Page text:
Early sources describe holding the hands in shashu, taking the appropriate mental attitude, and walking neither fast nor slow in a straight line before turning around and coming back. However, the texts on monastic rules that were available to Dogen when he was training just instruct practitioners to generally walk in a way appropriate for a temple and indicate that walking inside or under the eaves in one's free time is fine.
Dogen’s Bendoho describes something that sounds like our slow kinhin in relation to entering and leaving the zazen hall, not as something done between zazen periods. The hands are clasped together inside the sleeves, but nothing is mentioned about matching one's breathing to one's steps. The Hokyoki has more; that text describes what Dogen learned from his teacher Tendo Nyojo. It describes the slow walk with half steps and matched breathing, and Tendo Nyojo says he’s the only one who knows this practice. Again there is nothing about when and how long to do kinhin or its purpose or role as a practice.
Overall, there is nowhere near the detail about the posture or context of kinhin that Dogen provides about zazen, so we can’t really make a direct link between Dogen’s walking and our kinhin process. We also can’t link kinhin to what’s described in the Pali Canon. Even so, the two main points that Menzan makes in the Kinhinki are:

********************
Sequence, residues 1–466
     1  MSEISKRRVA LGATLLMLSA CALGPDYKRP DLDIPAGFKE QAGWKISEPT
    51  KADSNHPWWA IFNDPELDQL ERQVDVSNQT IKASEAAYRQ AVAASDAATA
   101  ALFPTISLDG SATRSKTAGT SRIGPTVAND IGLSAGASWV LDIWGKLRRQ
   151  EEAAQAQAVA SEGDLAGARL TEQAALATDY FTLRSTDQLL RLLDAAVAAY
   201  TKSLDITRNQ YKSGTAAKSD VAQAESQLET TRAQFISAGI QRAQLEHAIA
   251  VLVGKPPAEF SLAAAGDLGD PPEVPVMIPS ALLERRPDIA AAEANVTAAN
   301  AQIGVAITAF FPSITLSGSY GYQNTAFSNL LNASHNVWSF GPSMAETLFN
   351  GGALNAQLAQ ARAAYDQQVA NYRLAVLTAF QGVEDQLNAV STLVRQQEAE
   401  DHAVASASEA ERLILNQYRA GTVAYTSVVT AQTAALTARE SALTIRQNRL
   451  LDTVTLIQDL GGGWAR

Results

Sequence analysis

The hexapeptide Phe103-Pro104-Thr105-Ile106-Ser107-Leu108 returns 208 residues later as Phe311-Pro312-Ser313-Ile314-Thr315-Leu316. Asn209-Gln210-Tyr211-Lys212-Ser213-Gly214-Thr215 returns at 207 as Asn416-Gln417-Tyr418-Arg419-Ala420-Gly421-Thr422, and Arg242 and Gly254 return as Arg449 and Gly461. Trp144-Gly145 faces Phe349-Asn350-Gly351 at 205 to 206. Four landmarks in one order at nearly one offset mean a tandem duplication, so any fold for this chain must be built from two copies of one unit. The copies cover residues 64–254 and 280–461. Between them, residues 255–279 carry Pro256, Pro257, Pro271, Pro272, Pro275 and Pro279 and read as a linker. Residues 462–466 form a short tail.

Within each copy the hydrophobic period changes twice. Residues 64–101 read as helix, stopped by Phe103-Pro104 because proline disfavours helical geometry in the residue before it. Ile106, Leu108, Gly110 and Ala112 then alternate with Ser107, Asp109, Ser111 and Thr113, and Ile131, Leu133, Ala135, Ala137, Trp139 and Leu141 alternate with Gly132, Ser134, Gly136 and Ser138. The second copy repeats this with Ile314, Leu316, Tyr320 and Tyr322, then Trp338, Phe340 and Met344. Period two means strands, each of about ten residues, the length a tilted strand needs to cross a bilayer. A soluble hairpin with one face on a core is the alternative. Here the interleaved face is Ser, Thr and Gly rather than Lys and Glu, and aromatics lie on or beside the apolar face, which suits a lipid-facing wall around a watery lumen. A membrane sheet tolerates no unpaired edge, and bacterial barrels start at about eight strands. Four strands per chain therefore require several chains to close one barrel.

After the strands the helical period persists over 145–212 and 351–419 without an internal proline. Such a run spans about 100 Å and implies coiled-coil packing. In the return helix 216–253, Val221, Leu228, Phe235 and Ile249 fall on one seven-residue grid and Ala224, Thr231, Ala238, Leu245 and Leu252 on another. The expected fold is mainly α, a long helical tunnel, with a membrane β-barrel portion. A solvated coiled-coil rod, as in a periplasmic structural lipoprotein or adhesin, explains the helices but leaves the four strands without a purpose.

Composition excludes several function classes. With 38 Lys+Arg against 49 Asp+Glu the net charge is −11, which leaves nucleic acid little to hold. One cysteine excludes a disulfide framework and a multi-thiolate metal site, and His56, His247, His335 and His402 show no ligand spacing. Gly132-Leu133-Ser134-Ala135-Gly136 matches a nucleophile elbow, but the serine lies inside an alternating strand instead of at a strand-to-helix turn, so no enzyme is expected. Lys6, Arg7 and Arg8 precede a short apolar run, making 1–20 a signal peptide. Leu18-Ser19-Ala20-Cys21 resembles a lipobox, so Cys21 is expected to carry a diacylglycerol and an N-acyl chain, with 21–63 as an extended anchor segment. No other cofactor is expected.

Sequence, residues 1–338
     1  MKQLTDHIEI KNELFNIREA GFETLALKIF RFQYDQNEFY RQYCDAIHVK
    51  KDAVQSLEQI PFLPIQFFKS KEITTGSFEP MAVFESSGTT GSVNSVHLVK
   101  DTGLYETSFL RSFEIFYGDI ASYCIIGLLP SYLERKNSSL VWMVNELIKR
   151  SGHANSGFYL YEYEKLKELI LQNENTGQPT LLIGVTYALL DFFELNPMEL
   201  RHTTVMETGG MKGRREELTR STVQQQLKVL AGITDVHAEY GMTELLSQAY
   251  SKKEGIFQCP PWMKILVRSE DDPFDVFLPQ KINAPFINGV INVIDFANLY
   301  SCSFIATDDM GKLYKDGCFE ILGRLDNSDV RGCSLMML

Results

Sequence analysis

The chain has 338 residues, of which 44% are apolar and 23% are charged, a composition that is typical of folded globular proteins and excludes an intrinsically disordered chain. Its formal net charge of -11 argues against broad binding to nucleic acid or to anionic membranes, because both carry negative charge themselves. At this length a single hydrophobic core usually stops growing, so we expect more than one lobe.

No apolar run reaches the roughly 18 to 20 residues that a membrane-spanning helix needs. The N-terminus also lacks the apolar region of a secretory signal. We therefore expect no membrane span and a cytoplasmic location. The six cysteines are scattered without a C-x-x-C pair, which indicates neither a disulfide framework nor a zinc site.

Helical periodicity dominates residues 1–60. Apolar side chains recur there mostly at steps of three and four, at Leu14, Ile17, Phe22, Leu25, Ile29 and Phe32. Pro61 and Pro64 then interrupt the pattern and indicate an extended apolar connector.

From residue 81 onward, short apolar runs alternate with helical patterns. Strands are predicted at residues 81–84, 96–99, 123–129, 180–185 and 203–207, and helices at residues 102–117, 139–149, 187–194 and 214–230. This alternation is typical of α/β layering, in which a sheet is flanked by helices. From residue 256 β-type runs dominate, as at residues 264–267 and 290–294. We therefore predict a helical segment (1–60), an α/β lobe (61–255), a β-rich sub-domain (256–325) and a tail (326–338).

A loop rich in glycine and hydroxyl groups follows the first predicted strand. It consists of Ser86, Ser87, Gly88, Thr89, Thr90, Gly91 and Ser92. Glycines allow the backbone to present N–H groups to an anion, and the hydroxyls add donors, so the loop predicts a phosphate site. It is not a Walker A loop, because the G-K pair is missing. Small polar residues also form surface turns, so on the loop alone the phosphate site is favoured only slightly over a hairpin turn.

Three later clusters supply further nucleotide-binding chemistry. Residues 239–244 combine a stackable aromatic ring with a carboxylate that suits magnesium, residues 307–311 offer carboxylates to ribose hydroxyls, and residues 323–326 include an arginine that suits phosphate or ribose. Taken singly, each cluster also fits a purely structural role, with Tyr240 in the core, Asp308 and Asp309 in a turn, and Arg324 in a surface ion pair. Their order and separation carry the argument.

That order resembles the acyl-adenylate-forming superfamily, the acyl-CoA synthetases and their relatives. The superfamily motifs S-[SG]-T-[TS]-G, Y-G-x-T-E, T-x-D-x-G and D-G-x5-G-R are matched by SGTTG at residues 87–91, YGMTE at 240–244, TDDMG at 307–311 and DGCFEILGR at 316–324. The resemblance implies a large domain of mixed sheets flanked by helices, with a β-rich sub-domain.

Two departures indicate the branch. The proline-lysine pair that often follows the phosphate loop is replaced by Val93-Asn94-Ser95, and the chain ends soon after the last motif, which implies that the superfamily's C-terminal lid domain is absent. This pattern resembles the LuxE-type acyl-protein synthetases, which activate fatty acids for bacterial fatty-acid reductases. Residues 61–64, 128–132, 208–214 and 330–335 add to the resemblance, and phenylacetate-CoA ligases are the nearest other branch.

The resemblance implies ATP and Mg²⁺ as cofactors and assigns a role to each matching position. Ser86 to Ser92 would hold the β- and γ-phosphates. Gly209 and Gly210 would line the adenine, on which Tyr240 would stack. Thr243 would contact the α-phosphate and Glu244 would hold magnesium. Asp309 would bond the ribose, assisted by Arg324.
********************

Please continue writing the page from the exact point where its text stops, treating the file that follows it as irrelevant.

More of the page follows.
1) Kinhin is an old and orthodox practice of the Buddha himself, and
2) Tendo Nyojo somehow had preserved this neglected practice and taught it to Dogen face-to-face.
By putting together the old texts that have instructions, Menzan tried to show that he had restored the true ritual kinhin practice of the buddhas and ancestors. The actual result is that Menzan made something new out of fragments of unrelated texts scattered across time and space. He doesn’t refer to living examples of temples that do it this way, which is an interesting contradiction in the way the Kinhinki is created. On the one hand, it relies on various texts to establish the way kinhin should be done. On the other, a central theme in the Kinhinki is that Tendo Nyojo somehow preserved the practice and personally passed it down to Dogen and thus it’s a legitimate Soto practice.
Menzan wrote the Kinhinki in the style of Dogen teaching about zazen, and it’s now considered the basis for modern Soto Zen kinhin despite the lack of instruction about alternating it with zazen periods. It's also not clear whether the hand position he’s describing is isshu or shashu, and that’s relevant to Sanshin. Kodo Sawaki did isshu 揖手 during kinhin as we do now rather than shashu 叉手. His biography says only his lineage does isshu even in Japan. Also, the Kinhinki says one should stand without moving for a few minutes before starting to walk, whereas Sawaki Roshi began walking right away.
Uchiyama Roshi apparently said that that before Sawaki Roshi's time practitioners weren't sitting more than one period of zazen at a time and thus they didn't need to know about alternating this with kinhin. It seems that teachers who wanted to recreate the practice of kinhin studied relevant texts and interpreted them differently, leading to the various styles we see today.